The advantages of warm-season grasses include drought tolerance, shorter mowing height and a shorter mowing season. Two reasons they aren’t often used are that they are slow to green up in the spring and won’t grow in the shade. There is no one type of lawn grass that is best for all purposes.

Join me for a program about warm-season grasses for home lawns at 6:30 p.m. May 23 beginning at 6:30 p.m., which will include a demonstration on plugging Zoysiagrass and a tour of a six-year-old buffalograss lawn. Some common Bermudagrass is also at the program site of 7670 Anderson Ave.

Buffalograss is the only native grass used for a home lawn. One challenge for a buffalograss lawn is the weeds. Even the best buffalograss lawns don’t choke out weeds. The use of herbicides is necessary to have a pure stand of buffalograss. It can be started by seeds, plugs or sod.

Zoysiagrass is very good at choking out weeds. Its canopy is very tight. This growth characteristic means that aeration to manage thatch is required. There is a couple seeded varieties, but plugging or sod is more common. The variety “Innovation” is one that K-State has been involved in developing.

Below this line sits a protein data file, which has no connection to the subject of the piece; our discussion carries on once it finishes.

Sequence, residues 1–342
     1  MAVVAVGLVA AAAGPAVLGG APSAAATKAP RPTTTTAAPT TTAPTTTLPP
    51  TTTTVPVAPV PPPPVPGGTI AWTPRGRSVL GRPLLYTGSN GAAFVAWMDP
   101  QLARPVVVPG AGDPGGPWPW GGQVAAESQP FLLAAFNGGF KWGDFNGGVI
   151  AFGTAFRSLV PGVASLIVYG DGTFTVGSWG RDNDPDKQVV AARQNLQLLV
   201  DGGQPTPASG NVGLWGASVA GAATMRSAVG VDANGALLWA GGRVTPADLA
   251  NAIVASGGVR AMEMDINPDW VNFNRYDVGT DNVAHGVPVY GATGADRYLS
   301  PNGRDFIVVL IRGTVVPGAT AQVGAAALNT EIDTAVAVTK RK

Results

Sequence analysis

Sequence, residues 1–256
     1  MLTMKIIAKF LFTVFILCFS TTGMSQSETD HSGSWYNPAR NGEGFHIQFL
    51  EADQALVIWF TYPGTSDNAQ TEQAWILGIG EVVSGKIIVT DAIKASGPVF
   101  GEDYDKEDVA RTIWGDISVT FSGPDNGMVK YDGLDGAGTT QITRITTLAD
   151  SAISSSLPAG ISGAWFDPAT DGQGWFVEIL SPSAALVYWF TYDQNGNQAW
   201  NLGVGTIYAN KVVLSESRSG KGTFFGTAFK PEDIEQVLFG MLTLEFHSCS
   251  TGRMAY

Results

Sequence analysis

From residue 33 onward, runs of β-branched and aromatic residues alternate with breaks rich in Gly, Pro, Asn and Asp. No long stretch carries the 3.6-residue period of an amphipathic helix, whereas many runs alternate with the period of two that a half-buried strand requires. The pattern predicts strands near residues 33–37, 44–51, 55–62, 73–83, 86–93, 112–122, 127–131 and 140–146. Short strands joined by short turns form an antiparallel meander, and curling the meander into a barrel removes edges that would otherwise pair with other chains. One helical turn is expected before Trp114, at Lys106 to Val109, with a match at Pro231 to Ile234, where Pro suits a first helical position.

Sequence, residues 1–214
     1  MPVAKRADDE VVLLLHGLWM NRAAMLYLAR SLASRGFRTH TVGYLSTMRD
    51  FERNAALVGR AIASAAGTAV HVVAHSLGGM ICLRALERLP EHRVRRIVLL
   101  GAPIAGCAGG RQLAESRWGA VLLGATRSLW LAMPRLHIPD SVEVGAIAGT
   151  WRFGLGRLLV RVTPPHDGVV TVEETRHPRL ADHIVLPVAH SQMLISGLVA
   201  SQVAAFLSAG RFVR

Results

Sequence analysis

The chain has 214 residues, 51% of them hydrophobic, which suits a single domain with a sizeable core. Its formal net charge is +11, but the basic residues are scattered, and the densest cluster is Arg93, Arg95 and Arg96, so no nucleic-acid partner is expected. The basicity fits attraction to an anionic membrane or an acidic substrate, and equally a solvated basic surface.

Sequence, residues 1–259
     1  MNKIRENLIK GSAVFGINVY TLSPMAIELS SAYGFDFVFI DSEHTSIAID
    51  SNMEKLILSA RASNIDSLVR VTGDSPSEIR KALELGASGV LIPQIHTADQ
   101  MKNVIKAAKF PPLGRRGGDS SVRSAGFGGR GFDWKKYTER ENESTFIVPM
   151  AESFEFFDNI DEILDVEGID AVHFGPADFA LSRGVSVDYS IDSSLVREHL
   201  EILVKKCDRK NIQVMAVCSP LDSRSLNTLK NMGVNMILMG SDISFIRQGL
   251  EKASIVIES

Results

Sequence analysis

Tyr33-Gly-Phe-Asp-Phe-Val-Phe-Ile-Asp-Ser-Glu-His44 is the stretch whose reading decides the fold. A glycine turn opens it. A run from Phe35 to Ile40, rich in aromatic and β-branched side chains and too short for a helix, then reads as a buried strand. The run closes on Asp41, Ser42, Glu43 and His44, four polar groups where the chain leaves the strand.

Bermudagrass is an attractive grass for home lawns but is used more for sports fields. It has great recovery from damage with its rhizome and stolon growth. On the downside, those rhizomes and stolons also grow into undesired places in the landscape. There are herbicides that aid in managing these situations. The variety “Midlawn” was developed at K-State.

Fertilizer applications for these turfgrasses occur during the time of active growth. Late May or June is best for getting these warm-season grasses growing.

Depending on the grass and its use, a second application may be put on in July. Keep the fertilizer on the grass. Sweep up any excess that gets on the sidewalk, curb and driveway.

Warm-season grasses grow best at air temperatures of 85 to 90 degrees. It is time to get ready for their optimum growing season.

You can find out more information on this and other horticulture topics by going to the Riley County, K-State Research and Extension website at www.riley.ksu.edu.

Gregg may be contacted by calling 785-537-6350 or stopping by 110 Courthouse Plaza in Manhattan or e-mail: geyestone@ksu.edu.